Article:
Wednesday, July 26, 2017

Qualities of Fabric - Weight and Texture

The weight of knitted fabric has an impact on both the knitting and the wearing of our hand knits. You notice the weight when you pick up a completed garment. When you are wearing it gravity will pull the garment down if it's heavy. Usually weight will be related to the thickness of the fabric. However very lofty fibres may be lighter than expected. In some cases we create extra thickness with stitch patterning and texture. It can be a good thing for hiding bumps and curves if that is something you wish to do. Fabrics with drape may feel heavier even when the difference is minor because the garment collapses against the body. Often weight is related to the warmth of a garment. 

I learned about weight early on when I decided to knit a pattern with a cotton yarn instead of the wool suggested by the pattern. There's a reason I'm always telling knitters we learn more from our mistakes than our successes. It was a heavily cabled sweater and ended up being really heavy as well as stretching out to a tunic length. It was however a great lesson in understanding the impact of yarn substitutions.

Texture can come from the yarn itself as well as our stitch patterns. Mohair, boucle as well as thick and thin yarns will add texture even in simple stocking stitch. Texture will add visual weight to the body. In those cases we may be surprised by the lightness of the actual garment. I think garments which look heavy work best when we pair them with other garments made from smoother fabrics or items which fit closer to the body.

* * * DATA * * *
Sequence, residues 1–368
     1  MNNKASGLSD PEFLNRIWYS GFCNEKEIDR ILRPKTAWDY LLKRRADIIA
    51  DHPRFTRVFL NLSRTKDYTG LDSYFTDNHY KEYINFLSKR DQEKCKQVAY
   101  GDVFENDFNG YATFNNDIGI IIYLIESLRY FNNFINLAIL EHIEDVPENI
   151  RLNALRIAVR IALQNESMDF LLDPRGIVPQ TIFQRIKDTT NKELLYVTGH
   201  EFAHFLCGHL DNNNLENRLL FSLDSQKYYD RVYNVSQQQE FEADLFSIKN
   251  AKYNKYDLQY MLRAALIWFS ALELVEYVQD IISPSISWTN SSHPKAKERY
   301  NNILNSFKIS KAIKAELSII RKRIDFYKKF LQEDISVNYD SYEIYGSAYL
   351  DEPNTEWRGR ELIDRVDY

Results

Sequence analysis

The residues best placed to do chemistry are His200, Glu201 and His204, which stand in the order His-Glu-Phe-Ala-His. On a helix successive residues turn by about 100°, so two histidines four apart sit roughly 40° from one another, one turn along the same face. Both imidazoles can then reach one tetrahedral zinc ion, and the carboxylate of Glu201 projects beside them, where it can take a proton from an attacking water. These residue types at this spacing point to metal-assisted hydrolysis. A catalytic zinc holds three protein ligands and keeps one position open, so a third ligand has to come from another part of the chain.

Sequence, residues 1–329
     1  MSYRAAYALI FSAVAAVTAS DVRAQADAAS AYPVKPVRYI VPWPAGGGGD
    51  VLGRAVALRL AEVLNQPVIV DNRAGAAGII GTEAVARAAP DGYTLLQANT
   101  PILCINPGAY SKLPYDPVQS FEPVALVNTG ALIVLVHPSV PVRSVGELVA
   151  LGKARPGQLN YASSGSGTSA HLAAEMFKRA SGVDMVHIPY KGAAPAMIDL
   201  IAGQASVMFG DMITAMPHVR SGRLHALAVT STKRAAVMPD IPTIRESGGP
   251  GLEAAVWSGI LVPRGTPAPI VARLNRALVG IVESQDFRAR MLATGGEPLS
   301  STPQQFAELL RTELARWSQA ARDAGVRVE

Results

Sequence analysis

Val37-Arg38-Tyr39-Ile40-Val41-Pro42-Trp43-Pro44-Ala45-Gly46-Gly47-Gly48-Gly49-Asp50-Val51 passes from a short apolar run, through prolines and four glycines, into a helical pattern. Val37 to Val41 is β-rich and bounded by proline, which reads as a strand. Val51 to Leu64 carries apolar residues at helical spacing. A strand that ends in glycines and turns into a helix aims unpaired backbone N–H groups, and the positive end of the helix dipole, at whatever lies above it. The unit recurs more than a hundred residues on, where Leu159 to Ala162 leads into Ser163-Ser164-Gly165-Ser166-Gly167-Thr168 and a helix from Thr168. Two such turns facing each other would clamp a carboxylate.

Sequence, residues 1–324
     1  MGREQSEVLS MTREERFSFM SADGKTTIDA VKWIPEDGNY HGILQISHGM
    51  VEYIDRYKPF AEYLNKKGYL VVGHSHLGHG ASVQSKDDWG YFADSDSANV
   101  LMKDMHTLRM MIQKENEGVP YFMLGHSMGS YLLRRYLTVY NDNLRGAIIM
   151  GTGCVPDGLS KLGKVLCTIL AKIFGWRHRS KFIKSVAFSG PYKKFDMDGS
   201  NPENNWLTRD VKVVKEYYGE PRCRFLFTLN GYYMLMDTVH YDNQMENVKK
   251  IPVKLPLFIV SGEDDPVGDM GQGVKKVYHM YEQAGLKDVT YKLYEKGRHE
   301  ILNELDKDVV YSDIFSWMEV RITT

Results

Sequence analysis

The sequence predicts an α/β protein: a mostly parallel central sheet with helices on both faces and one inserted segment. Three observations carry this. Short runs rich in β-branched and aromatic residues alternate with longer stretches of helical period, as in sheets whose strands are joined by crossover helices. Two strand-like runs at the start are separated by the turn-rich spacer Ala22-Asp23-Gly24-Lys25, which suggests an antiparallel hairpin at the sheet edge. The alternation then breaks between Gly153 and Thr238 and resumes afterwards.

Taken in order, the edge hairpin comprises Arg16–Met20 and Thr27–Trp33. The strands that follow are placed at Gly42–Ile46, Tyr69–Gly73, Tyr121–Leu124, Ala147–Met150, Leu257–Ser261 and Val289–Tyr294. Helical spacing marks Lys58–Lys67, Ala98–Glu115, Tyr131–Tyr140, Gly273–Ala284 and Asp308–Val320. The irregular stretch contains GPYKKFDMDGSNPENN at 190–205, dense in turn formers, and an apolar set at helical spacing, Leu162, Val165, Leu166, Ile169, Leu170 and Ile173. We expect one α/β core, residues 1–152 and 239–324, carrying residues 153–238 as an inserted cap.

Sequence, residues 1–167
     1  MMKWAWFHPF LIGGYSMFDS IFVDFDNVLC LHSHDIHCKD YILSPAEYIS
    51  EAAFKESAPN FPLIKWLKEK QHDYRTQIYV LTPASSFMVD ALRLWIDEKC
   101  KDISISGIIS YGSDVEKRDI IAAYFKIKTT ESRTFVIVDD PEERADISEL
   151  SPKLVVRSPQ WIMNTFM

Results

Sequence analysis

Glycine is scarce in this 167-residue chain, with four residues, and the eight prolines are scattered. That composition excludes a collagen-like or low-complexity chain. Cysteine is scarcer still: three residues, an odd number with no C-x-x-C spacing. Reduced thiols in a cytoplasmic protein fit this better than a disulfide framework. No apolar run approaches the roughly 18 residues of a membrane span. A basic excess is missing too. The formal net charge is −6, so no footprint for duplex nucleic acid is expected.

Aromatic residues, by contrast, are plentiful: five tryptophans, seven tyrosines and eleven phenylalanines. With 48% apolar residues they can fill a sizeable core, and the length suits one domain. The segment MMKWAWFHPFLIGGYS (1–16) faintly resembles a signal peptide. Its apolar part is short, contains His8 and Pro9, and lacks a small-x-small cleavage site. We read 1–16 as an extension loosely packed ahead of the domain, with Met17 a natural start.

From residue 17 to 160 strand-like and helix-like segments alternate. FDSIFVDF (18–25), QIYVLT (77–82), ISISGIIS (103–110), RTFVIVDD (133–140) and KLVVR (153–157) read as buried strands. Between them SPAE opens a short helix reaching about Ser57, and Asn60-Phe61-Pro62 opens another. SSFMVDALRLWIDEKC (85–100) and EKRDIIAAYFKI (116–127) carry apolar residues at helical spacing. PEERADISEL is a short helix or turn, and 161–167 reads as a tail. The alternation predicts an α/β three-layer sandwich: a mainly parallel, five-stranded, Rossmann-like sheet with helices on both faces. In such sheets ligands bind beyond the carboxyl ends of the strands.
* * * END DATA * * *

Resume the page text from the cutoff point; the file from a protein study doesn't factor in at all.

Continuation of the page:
Here's an interesting comparison between two of my designs in a similar silhouette and knit/purl stitch combination.

Different yarns, stitch patterns and gauges, same silhouette for on the left Prudence Crowley and on the right Deborah Beresford. 

Prudence is an aran weight single. Deborah Beresford is double stranded fingering weight. I got very different gauges. Deborah weights 127 grams more. When I hold each vest I can tell which is heavier yet Deborah but feels much heavier than that when it's worn. The yarn is a super wash and has more drape to the finished fabric. However when looking at the two garments I don't see any visual weight difference.

The wrap in the photo above is a stash busting pattern. The wool (far left) and alpaca (third from the left) versions feel very light. The sizes vary slightly. Weights from left to right are; 238 grams, 290 grams, 81 grams, 323 grams. Again the holding compared to the wearing weight feels less consistent than the real weight measurement due to the natural drape of the wraps which include silk and rayon fibres. They will slither off of my shoulders making the experience of wearing them quite different. The deep folds of the two heaviest wraps give you a visual hint as to their greater weights and drape.

Compare these two sweaters knit from the same yarn. Can you see how the one on the left falls against the body at the waist. It's because all those little cables make it heavier than the knit/purl stitch of the sweater on the right.

How do you learn about these qualities? You have to pay attention to the fabric you are creating when you knit and compare each one against another. And the bad news you will learn the most when you screw up, at least I did. 

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